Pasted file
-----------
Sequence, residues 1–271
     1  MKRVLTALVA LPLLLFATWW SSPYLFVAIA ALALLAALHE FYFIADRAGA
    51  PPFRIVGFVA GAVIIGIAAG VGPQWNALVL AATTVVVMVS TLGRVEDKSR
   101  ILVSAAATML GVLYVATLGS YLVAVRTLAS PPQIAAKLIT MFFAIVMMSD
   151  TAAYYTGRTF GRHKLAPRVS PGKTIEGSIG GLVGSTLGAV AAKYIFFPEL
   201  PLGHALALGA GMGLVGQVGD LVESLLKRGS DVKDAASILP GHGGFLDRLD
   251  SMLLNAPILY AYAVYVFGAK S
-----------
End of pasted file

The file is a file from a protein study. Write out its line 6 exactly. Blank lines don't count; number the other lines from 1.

   201  PLGHALALGA GMGLVGQVGD LVESLLKRGS DVKDAASILP GHGGFLDRLD